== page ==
So this was it.
The 25-minute sex tape that could send R&B superstar R. Kelly to prison for fifteen years on child pornography charges.
Some reporters said they'd seen parts of it – or heard about it – but this was it.
On the opening day of Kelly's trial, the judge ordered the lights lowered and the blinds drawn in the courtroom. What is the jury thinking? Can't see them up in the front, in the dark. What's R. Kelly thinking? He seems to be staring at the defense table, not watching.
What are reporters thinking? I don't know about the rest of them, but I know what I'm thinking. I'm thinking I'm a paid voyeur. This tape is so hot that even courtroom sketch artists were warned that if they drew any depiction of what's on it, they could be charged with child pornography themselves. And I'm going to watch every bit of it, so I can see what this trial is all about. Oh boy. Here we go.
The man in the video starts with his clothes on, checking the position of the video camera by sitting in the spot where he wants the tape to be focused. He walks out of frame, adjusts something on the camera, and in the next scene, we see him giving money to a girl who says, softly, looking up at him, "thank you." That is the last g-rated moment on the tape. What follows is more Penthouse than Playboy.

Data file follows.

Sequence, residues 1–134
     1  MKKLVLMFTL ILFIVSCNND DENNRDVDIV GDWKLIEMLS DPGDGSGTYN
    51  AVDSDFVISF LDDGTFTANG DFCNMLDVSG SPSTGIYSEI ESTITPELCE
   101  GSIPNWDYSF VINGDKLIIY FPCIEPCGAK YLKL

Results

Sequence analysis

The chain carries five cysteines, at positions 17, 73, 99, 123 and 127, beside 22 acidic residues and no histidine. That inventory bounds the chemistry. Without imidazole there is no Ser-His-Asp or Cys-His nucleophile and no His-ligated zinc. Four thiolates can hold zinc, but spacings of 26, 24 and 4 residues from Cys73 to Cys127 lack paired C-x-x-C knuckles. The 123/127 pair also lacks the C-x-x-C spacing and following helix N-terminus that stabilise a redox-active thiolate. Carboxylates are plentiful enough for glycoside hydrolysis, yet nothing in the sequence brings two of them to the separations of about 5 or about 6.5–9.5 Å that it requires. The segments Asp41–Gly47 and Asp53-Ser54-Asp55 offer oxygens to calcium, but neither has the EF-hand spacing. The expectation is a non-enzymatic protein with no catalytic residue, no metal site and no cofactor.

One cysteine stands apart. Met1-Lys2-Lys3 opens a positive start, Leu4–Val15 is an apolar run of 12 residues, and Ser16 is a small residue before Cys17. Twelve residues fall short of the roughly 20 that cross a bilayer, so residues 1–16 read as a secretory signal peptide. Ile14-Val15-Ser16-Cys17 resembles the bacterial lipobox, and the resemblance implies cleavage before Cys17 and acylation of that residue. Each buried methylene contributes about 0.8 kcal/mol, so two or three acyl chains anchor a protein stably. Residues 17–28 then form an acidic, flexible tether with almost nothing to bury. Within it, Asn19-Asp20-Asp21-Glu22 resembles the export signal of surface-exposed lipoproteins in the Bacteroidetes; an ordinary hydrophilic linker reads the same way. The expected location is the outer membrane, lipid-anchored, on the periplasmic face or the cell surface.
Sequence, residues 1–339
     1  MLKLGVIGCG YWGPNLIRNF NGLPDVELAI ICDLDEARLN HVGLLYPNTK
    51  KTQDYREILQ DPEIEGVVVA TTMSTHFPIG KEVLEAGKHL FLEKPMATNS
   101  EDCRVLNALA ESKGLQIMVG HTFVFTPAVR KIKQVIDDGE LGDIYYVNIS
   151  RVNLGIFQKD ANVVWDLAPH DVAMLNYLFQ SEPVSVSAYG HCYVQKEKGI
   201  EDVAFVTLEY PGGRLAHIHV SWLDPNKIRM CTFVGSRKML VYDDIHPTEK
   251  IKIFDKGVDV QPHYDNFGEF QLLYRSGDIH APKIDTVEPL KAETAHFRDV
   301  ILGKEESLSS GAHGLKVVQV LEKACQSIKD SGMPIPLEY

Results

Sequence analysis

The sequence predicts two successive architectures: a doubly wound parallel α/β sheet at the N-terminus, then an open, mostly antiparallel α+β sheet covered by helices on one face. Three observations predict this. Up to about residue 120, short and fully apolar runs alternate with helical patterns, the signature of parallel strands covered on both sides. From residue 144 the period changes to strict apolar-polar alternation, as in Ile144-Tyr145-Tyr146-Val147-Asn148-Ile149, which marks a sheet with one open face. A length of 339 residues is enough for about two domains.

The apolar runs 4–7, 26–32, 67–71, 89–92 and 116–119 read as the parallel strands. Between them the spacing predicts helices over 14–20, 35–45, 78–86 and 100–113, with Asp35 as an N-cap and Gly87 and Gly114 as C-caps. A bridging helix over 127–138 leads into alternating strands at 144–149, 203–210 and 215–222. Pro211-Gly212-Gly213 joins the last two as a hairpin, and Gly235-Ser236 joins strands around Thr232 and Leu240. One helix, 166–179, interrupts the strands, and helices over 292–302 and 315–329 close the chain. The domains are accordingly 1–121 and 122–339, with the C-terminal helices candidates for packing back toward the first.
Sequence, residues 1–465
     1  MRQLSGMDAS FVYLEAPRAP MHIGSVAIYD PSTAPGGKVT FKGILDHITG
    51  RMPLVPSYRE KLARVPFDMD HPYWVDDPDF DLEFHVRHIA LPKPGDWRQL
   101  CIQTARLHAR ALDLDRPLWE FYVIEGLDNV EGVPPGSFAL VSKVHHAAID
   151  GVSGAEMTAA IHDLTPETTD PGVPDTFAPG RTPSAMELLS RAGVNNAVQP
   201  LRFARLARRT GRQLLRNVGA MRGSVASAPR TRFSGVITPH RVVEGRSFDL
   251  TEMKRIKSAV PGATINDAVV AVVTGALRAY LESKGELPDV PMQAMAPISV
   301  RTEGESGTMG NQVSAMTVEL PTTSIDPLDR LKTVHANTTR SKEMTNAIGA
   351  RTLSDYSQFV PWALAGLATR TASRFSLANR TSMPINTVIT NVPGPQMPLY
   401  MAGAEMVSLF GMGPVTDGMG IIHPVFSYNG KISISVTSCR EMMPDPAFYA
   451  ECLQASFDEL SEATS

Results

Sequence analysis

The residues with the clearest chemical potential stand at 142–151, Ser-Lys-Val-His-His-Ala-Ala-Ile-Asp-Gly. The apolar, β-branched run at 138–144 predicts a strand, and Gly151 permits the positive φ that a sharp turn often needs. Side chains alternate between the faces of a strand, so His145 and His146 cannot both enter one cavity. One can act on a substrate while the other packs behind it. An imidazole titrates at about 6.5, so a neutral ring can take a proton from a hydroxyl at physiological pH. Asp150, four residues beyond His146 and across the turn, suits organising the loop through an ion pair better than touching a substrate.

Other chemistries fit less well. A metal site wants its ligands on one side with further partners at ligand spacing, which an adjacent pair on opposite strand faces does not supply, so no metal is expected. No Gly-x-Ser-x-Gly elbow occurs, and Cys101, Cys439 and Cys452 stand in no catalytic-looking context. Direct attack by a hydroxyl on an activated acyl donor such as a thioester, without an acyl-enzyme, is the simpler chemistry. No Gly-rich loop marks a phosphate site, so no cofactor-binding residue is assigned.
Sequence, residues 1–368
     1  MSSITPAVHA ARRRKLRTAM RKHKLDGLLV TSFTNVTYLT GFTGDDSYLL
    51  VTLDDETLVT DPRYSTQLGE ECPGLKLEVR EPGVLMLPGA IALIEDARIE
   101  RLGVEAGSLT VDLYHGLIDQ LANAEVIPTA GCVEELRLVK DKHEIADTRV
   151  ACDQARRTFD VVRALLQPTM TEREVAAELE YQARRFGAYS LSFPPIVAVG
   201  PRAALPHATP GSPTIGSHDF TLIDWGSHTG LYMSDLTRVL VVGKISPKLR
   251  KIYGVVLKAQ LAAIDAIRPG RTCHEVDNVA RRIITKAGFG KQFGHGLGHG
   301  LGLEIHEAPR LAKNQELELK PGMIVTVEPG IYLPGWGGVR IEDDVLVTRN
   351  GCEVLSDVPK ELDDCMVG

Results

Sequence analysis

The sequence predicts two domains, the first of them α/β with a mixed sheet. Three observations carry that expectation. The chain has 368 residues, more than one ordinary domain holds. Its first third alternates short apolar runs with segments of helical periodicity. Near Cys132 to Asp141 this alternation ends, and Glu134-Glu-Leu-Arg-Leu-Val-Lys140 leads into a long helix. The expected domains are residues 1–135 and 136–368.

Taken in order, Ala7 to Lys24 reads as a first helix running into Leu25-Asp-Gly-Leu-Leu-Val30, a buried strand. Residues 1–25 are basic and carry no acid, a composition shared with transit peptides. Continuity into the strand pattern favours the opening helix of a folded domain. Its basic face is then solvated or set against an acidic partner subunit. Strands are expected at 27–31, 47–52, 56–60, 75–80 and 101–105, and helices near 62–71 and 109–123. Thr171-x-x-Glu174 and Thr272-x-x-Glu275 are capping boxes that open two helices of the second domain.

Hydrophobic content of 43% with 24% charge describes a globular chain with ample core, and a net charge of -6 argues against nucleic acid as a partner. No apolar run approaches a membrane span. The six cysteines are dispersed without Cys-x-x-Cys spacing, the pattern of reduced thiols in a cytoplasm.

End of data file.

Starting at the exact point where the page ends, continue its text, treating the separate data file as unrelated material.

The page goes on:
This isn't a sex tape. It's a how-to tape. The man gives directions, and the girl complies. She looks bored and rarely speaks, except when the man tells her to call him "Daddy."
How old is she? The R.Kelly defense says she's a "paid, professional prostitute." The prosecution says she's a child victim. And what about the man – is it R. Kelly? Unlike the man in court, the man on the tape doesn't have cornrows, or a goatee, or a mustache – and he's not wearing a dark navy suit.
The prosecution says the tape was "choreagraphed, produced, and starring Robert Kelly" – his own personal child pornography. But the defense says it's not him – and that even the FBI, "the people chasing Bin Laden... cannot identify Mr. Kelly on the tape."
And then it's over, love-making reduced to banal bumping and grinding, mercifully over. But at the end, the man seems to wipe the girl off with a towel, almost tenderly.
Before the tape was played, the defense had shown the jury a police photograph of R. Kelly standing in his boxer shorts, with a mole on the middle of his back. The lead defense attorney told the jury to look for that mole on the back of the man in the video – he says it won't be there, because the man isn't Kelly.
I made a mental note to watch for that mole, but after a few minutes I forgot all about it. But I noticed that the girl was wearing nothing except a shiny necklace with a crucifix, and I wrote that down instead.
Filed under: Susan Roesgen
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